By Linda Gerard, MBA and Rabbi Scott Aaron, PhD
“The answer is not ‘Build it and they will come’; it’s closer to ‘If they build it, they will come.’”
How has our world changed from the 1950s until today, and how have our synagogue schools changed with it? At a retreat in Chicago, synagogue educators, clergy, and lay leaders armed with Post-it notes mapped out the shifts across decades in family structure, technology, education, and more – from Ozzy and Harriet of the 1950s to today’s Modern Family. The big “aha” from the era-mapping exercise? Despite dramatic shifts in our social, political, and cultural landscapes, our traditional synagogue education models haven’t always changed with them. The opportunity? To reimagine Jewish education in synagogues to meet today’s learners where they are and to expand our focus from surviving to thriving.
This mandate was at the heart of an 18-month change effort called CHIdush, undertaken by a forward-thinking network of synagogue teams in Chicago through a partnership between UpStart and the Jewish United Fund (JUF) of Metropolitan Chicago (made possible by the generous funding support of the Crown Family and The Jack and Goldie Wolfe Miller Fund). “The program allowed us to see that the world our kids are experiencing in their lives and in school doesn’t always square with what’s going on with synagogue learning,” noted Joy Wasserman, CHIdush project manager for JUF. CHIdush brought together seven diverse synagogue school teams to identify challenges and opportunities in their communities and to design meaningful solutions to them – drawing from bright spots locally and nationally. This piece will share stories of impact from the inaugural CHIdush cohort and highlight lessons learned for scaling success across a field of Jewish life.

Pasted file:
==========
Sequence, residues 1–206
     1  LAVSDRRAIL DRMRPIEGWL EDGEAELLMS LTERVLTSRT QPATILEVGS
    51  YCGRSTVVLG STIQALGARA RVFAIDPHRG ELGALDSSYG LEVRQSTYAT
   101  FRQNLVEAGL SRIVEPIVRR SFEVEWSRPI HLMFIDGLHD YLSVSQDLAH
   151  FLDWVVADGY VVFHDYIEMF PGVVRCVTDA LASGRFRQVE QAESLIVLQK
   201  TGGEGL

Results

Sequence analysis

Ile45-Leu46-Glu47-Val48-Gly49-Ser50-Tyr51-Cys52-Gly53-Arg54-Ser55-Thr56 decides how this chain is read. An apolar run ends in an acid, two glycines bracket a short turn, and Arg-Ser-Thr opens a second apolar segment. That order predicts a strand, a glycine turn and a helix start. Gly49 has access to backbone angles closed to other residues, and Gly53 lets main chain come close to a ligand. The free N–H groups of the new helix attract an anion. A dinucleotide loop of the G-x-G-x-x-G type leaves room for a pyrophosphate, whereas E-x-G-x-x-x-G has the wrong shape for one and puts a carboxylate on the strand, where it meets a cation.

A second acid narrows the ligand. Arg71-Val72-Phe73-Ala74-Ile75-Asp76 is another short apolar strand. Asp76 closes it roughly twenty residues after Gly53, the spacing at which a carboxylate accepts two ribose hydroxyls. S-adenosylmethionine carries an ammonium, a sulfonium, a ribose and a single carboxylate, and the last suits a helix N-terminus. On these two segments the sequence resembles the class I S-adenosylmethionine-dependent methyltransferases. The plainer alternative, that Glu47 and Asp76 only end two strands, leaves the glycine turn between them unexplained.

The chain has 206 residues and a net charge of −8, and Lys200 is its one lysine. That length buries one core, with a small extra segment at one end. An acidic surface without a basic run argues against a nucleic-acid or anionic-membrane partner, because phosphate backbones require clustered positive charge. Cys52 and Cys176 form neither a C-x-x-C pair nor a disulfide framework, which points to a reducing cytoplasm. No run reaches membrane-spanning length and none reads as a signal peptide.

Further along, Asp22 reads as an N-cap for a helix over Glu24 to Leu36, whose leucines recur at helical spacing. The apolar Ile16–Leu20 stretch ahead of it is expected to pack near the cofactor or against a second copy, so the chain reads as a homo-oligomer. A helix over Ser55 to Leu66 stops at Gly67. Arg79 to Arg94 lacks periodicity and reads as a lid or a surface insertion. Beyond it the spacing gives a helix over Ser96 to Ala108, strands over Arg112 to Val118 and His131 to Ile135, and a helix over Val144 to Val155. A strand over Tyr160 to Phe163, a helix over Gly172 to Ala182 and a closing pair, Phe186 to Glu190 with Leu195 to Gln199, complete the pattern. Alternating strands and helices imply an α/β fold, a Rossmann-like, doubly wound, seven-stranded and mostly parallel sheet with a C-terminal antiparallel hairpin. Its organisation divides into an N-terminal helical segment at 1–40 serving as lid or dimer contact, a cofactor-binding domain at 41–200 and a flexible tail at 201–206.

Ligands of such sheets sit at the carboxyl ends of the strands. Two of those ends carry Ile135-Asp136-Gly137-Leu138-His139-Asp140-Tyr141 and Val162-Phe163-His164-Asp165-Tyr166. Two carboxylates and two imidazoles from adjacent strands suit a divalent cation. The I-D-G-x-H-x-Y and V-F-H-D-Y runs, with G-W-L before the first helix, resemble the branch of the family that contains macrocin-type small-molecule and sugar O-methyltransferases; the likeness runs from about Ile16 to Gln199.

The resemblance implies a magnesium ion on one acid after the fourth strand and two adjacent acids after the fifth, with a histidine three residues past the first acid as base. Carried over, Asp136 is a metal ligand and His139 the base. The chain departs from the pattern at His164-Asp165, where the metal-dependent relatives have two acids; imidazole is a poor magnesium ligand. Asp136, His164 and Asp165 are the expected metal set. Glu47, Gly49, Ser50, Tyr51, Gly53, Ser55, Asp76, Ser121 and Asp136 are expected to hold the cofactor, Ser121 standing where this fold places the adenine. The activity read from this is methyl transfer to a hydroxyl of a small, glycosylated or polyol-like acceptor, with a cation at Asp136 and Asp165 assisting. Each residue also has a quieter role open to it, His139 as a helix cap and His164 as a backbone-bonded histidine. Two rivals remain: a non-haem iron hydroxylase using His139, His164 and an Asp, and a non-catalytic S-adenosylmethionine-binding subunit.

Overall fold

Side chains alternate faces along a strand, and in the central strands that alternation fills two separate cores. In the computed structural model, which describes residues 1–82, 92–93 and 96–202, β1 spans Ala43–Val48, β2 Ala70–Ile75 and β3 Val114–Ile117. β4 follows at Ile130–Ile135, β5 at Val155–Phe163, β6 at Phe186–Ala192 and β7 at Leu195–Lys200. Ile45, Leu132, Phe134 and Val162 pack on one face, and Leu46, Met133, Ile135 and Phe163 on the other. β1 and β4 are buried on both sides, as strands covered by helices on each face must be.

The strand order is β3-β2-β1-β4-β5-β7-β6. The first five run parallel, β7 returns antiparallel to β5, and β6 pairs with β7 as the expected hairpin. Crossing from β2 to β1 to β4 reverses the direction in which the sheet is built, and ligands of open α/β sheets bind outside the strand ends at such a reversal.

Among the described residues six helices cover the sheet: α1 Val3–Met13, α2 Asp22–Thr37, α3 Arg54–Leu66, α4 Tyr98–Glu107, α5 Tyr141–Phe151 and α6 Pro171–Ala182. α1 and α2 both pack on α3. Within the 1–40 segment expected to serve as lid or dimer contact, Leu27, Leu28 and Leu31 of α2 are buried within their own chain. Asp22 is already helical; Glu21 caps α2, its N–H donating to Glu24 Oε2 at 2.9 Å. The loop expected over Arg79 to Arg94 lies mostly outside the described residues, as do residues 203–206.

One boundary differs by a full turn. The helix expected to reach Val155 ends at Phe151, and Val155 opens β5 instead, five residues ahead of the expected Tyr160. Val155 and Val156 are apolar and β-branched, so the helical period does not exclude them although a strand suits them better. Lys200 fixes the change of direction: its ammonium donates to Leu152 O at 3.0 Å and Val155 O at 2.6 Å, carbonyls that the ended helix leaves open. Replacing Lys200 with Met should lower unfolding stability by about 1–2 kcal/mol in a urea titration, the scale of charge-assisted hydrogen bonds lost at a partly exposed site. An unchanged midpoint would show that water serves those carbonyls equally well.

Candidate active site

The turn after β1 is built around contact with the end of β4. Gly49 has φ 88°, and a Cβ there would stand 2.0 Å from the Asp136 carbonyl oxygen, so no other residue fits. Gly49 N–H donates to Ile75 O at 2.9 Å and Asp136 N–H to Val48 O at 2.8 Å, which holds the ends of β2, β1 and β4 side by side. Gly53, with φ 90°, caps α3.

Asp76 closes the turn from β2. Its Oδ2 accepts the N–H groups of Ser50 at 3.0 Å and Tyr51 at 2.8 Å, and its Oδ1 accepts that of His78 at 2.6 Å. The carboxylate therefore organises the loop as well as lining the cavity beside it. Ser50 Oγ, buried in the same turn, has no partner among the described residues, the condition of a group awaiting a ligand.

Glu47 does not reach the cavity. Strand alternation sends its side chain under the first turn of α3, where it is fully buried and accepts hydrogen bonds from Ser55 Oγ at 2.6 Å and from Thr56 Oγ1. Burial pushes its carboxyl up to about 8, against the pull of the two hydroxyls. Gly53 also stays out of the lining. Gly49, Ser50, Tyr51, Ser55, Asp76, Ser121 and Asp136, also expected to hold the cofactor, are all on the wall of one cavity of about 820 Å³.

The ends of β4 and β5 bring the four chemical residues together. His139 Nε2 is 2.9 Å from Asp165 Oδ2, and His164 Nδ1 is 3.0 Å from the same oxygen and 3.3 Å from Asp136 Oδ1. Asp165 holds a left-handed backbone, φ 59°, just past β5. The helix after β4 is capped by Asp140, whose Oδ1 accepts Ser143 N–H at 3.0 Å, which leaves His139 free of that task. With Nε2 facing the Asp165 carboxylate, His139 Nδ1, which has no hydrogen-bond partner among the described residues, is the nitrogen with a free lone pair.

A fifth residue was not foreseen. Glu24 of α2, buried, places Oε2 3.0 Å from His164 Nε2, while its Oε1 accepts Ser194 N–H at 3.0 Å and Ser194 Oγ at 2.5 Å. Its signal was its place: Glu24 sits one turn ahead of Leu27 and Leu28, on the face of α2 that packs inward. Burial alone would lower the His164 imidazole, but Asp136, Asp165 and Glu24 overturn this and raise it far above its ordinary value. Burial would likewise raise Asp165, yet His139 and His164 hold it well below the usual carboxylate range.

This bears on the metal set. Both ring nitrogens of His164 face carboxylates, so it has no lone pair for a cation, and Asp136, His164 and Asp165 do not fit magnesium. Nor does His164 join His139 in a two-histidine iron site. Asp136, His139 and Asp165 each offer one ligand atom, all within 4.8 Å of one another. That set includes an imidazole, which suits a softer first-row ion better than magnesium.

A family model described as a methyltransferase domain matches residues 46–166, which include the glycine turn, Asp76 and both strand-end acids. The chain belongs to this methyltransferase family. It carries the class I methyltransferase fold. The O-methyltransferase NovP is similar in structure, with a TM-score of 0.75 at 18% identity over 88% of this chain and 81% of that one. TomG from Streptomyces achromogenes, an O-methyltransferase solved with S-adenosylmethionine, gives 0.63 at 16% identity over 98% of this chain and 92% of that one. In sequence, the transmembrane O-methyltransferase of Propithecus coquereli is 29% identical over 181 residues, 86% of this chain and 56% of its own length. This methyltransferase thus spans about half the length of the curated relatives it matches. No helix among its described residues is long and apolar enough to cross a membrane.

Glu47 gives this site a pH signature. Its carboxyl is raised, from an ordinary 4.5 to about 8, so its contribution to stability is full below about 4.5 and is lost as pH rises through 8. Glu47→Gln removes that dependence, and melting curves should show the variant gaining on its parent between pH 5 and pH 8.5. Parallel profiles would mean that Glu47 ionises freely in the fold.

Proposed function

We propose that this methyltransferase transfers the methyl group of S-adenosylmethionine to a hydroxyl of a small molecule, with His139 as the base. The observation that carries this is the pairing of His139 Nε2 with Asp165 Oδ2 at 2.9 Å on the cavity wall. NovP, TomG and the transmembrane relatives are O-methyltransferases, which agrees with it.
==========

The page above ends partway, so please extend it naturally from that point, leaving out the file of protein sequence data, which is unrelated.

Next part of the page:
An Approach for Scaling Impact
The name “CHIdush” puts a Chicago spin on the Hebrew and Yiddish word for a new idea or insight. CHIdush established the conditions for these ideas to flourish by leveraging the foundational principles of Design Thinking and Adaptive Leadership through a methodology called Adaptive Design. Pioneered by UpStart cofounder and associate Maya Bernstein and Marty Linsky and laid out in their seminal Stanford Social Innovation Review article, Adaptive Design helps people generate new ideas in a way that integrates community needs, embraces creative experimentation, and produces rapid results – while equipping them to manage the change process.
At its heart, this process is deeply collaborative. In the context of Jewish education, Stanford education professor Ari Y. Kelman and Maya Bernstein, authors of “Working Across and Working Between,” suggest the best innovations thrive because they leverage the contributions of important stakeholders and create opportunities for them to work together toward a solution.
Through CHIdush, we integrated three layers of collaboration in order to scale success:
1. Collaborate with your learners: